Paul McCartney: Kisses On The Bottom

Macca invites scribes to ‘insert your own buttocks joke here’.

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Paul McCartney’s solo work has always taken around twenty years to come into fashion. A result, inevitably, of each new release being met with: ‘very good, but it’s not The Beatles’.

His 80s albums are only now being re-evaluated for their regular sparks of brilliance; Wings didn’t get their due respect until Alan Partridge made them so uncool they were cool. Recognising this, Macca’s come full circle and made a covers record of antique standards set in a dusky jazz bar 20 years before Love Me Do.

Brushed drums, double bass, violin, piano and a couple of scratchy violins ooze show tunes and Brill Building ballads from Sir Paul’s youth, casting him as a doleful boho Bing or a fragile male Ella on The Glory Of Love, Ac-Cent-Tchu-Ate The Positive and Bye Bye Blackbird.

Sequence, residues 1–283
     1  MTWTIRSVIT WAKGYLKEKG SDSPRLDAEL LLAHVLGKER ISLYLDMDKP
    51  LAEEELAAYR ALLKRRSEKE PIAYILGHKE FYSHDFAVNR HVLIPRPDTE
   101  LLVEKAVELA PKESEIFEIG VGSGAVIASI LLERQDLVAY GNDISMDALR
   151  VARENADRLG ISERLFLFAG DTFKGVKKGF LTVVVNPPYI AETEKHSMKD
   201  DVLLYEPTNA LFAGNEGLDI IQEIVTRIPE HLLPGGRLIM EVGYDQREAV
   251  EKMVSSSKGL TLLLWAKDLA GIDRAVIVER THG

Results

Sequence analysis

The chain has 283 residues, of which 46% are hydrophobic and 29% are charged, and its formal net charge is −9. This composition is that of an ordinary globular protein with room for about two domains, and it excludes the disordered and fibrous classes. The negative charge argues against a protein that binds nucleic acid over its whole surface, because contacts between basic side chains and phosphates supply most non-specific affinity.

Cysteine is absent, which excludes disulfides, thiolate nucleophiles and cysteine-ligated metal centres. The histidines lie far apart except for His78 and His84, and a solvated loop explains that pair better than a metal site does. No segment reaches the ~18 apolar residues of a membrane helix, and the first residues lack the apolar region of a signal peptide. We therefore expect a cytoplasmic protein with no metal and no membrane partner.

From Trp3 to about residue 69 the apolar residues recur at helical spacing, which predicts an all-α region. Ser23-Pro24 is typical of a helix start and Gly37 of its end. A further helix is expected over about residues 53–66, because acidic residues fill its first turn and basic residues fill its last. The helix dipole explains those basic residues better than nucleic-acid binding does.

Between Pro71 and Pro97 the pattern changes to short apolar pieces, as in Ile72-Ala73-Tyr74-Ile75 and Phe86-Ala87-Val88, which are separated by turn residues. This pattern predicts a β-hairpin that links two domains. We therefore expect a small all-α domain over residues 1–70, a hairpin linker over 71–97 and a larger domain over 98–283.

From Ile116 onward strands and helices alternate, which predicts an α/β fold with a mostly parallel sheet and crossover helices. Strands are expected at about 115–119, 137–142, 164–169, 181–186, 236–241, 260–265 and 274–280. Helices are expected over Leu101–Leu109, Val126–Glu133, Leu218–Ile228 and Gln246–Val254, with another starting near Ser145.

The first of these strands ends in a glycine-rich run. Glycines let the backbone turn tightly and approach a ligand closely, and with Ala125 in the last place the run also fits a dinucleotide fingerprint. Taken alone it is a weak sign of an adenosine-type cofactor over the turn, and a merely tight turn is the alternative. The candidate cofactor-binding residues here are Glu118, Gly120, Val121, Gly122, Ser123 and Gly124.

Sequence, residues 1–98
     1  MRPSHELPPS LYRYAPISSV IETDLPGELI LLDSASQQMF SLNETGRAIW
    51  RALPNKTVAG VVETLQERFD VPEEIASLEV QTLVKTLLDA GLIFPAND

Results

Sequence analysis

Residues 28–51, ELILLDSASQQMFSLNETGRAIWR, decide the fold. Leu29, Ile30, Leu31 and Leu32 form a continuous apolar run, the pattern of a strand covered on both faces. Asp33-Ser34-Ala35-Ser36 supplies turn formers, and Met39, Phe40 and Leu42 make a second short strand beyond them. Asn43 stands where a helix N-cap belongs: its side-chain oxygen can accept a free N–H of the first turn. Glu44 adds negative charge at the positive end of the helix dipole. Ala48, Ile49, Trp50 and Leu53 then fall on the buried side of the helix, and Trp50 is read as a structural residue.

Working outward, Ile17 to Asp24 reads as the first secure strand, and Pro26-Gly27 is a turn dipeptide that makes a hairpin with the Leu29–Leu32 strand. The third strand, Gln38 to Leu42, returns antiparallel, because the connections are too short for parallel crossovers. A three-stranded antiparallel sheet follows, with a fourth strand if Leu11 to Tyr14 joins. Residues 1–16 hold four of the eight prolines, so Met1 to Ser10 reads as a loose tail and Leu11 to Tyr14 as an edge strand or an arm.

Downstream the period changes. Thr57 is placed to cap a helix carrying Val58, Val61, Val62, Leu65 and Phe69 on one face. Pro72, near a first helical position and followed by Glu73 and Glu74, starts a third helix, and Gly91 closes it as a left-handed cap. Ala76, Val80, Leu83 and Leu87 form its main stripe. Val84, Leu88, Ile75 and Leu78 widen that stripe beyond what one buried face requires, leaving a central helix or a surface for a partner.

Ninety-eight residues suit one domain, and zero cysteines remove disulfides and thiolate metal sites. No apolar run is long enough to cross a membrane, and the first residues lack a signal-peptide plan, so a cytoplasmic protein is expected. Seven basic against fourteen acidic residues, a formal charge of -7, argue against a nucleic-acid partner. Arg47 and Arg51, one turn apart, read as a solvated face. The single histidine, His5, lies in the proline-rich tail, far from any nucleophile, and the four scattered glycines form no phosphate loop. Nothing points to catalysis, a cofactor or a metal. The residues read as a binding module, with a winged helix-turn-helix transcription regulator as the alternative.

With his voice notably strained by the format you’d file it under ‘Self-Indulgent Swansong’ if it wasn’t a rather charming throwback to the love of the classics he exhibited on ‘Til There Was You and A Taste Of Honey.

From arguably our greatest living songwriter, though, we’d have preferred original tunes in the same style to fawn over in 2037.

Mark Beaumont

Mark Beaumont is a music journalist with almost three decades' experience writing for publications including Classic Rock, NME, The Guardian, The Independent, The Telegraph, The Times, Uncut and Melody Maker. He has written major biographies on Muse, Jay-Z, The Killers, Kanye West and Bon Iver and his debut novel [6666666666] is available on Kindle.